When we’ve written about the Mahindra Thar in the past, it’s mostly been in comparison with Jeeps. That makes sense, as the Thar is the development of the Jeep CJ that Mahindra has had a license to build far longer than Jeep’s current owner has been building Jeeps. We’ve usually thought of the Thar (and it’s American-market-but-not-road-legal little brother, the Roxor) as a sort of purer, more back-to-basics Jeep than the Wrangler. With this new version of the Thar, though, that may finally have changed.
The biggest, most dramatic change in the Thar—even if it’s one that’s not really visually obvious to most people—is that it now has independent front suspension. This would be pretty unthinkable on a new Jeep Wrangler, but the Thar, even though springing from the same original source as the Wrangler, is less saddled with the cultural burdens of a Jeep, so when Mahindra decided they wanted something that was more comfortable and quieter on paved roads, this decision makes sense.
The Thar still appears capable off-road, as this little video wants you to realize:
This is really only the first major re-working of the Thar, which was introduced under that name in 2010, though the Thar itself was just the somewhat modernized and re-branded version of the Mahindra Major, which was an update of the old Jeep CJ3B.
As you can see in yet another Mahindra video here, the goals for the new Thar were very much about civilizing its on-road behavior. Noise, vibration, and harshness (NVH) have been reduced substantially thanks to the independent front suspension setup, and the interior has been dramatically re-designed to feel much more current.
The exterior looks a lot like the late ‘90s Jeep Wrangler TJ, with the indicators set into little rectangular units on the fronts of the fenders and a lower-profile “face.” The Thar separates itself more from the traditional Jeep seven-slot grille with a rectangular, inset grille that has six vertical chromed thin bars but also crossbars, making a grid-like grille that should keep Stellantis’ lawyers away.
The Thar is also wider than the previous Thar, and with a wider track. The body has more chamfering around the windows and interesting front bumper design that sort of folds up and onto the bodywork.
It still looks unquestionably like something derived from the original Jeep, but clearly much more refined. Unlike American Jeeps, the Thar can also be had with inward-facing rear seats to allow for holding up to six very-friendly-with-one-another people.
There are two engines available now for the Thar, which used to just come with Mahindra’s 2.2-liter, 130 horsepower mHawk diesel; you can also ask for a gasoline 2-liter mStallion inline-four that makes 150 HP, though versions of this engine make up to 190 HP in some of Mahindra’s other cars.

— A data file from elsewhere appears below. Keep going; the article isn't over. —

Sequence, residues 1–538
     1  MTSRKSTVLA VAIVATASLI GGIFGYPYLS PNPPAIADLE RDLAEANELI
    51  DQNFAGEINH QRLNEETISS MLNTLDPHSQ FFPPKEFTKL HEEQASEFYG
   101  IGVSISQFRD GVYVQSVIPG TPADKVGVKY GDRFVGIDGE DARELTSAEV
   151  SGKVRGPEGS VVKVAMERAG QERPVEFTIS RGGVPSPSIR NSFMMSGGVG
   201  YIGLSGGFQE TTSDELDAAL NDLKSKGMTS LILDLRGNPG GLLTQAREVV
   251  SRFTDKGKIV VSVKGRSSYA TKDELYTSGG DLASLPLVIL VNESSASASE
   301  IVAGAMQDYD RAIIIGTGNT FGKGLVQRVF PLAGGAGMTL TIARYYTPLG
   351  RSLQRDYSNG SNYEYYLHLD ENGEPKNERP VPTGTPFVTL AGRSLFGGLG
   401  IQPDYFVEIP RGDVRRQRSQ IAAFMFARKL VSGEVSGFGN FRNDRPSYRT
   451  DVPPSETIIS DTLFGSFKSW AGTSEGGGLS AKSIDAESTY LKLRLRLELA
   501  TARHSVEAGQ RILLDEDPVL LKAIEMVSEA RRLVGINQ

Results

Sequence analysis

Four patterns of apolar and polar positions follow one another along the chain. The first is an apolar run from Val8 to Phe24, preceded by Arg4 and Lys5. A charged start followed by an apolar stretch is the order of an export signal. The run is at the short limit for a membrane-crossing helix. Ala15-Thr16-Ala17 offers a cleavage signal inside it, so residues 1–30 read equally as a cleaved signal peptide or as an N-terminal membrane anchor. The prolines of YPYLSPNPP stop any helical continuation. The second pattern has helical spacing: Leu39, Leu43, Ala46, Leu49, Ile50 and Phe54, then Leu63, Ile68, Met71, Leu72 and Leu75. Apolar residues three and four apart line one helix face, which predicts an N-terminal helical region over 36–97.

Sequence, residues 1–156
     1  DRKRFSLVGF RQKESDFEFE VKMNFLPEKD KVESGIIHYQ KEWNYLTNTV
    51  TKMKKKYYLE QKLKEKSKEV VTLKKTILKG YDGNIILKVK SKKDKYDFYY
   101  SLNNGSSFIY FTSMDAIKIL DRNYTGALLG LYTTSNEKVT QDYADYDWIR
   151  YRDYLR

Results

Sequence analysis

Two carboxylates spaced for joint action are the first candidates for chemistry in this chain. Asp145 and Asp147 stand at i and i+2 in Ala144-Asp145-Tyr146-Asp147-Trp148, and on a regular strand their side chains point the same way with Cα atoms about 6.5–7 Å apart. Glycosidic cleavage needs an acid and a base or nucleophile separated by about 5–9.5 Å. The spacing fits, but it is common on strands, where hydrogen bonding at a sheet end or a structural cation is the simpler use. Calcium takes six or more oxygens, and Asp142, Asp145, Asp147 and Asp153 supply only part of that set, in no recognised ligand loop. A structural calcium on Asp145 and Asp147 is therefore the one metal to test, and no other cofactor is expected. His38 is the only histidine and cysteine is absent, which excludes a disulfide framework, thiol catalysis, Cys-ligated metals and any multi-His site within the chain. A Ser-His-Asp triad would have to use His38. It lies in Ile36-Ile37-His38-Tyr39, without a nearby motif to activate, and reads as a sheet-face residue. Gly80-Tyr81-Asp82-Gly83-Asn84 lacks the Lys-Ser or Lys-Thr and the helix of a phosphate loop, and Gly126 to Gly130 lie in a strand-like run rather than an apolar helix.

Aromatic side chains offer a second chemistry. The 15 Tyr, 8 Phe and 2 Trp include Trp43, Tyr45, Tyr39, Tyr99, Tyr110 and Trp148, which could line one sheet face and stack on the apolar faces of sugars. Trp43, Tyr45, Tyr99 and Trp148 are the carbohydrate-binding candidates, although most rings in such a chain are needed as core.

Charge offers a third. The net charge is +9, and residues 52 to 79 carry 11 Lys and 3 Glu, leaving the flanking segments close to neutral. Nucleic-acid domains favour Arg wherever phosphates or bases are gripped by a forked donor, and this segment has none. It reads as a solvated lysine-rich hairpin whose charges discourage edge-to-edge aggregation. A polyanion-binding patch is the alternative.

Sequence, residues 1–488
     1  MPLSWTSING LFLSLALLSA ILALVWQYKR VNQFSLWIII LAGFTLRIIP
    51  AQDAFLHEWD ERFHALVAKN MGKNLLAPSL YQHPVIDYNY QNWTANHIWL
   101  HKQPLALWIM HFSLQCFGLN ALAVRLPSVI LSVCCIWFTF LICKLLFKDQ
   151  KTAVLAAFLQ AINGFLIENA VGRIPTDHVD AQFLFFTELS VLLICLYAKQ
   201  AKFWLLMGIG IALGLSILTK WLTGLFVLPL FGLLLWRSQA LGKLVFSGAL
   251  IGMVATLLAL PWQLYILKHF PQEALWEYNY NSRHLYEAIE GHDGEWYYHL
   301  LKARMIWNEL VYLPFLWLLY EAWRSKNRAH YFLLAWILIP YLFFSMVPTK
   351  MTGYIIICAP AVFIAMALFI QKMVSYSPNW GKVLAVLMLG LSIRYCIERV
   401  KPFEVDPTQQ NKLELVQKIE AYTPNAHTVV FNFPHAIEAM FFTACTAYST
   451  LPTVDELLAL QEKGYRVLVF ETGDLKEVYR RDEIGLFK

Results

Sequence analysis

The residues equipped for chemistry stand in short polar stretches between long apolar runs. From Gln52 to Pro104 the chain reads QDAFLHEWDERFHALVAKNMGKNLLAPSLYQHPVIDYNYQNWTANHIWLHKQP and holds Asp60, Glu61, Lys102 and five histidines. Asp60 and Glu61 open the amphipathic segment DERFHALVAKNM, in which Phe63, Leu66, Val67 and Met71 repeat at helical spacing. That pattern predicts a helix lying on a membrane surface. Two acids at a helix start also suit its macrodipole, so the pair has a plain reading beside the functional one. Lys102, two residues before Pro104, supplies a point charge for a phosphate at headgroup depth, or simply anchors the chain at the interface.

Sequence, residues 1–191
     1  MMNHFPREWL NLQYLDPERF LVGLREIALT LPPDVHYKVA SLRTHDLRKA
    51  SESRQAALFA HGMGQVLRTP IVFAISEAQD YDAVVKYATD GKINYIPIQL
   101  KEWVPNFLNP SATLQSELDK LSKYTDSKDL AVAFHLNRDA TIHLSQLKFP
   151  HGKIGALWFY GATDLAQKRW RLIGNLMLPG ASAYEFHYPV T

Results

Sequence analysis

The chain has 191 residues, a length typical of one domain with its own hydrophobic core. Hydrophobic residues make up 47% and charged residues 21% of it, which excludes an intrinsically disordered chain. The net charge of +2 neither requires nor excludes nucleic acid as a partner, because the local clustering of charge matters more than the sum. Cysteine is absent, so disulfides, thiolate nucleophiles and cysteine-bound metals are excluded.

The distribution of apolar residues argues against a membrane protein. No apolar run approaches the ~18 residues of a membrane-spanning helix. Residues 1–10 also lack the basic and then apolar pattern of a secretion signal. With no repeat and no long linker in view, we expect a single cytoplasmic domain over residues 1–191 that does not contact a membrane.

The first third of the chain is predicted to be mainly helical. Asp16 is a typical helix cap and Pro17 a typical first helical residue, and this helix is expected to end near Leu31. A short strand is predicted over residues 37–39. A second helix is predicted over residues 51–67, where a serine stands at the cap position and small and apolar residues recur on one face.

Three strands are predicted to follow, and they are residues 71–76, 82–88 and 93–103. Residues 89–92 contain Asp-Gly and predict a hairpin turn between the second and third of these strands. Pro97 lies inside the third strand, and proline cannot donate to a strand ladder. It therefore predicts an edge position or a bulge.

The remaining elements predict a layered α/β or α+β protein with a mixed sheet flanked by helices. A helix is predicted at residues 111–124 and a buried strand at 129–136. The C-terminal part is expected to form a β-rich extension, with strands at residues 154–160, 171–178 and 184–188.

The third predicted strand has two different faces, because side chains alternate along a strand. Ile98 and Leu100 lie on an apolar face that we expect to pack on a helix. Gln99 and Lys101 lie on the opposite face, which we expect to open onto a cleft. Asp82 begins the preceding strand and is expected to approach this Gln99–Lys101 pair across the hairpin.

Overall, what we’re looking at here is interesting because it shows that the Indian market is growing in such a way that they’re demanding off-road capable cars that have more comfort and luxury as well.
Where before the Thar’s main selling point was its ruggedness and ability to drive pretty much anywhere, this new Thar is much more focused on commuting and daily driving on actual paved roads. The independent front axle setup certainly helps civilize the Thar, but isn’t quite as capable off-road as the old solid axle setup, at least according to our own David Tracy.
Still, it can be plenty capable, and such a setup isn’t exactly uncommon—the new Ford Bronco uses a similar formula.
Of course, we’re never going to get this here in America, but if we did, its 10 lakh starting price would come to about $14,000, which is just about half of what a new Wrangler starts at, and, while the Thar likely isn’t as safe as the Wrangler, it’s got airbags and stability systems with rollover mitigation and all that, so it’s not like we’re talking about some bare-bones thing anymore.
I’ll admit, the Thar was not a car I’d have expected to see grow up in this way, so I think it’s interesting. It’s like finding out that cousin of yours who lived in a van and made a living by doing rollerblade parkour or some shit now has a dental practice. You’re impressed, and maybe a little bit confused.
Having something that seems so Wrangler-like with IFS is fascinating in itself, too. I’ll see if I can talk David into taking a deeper dive into what an IFS Jeep means, conceptually and practically, because that’s interesting, too.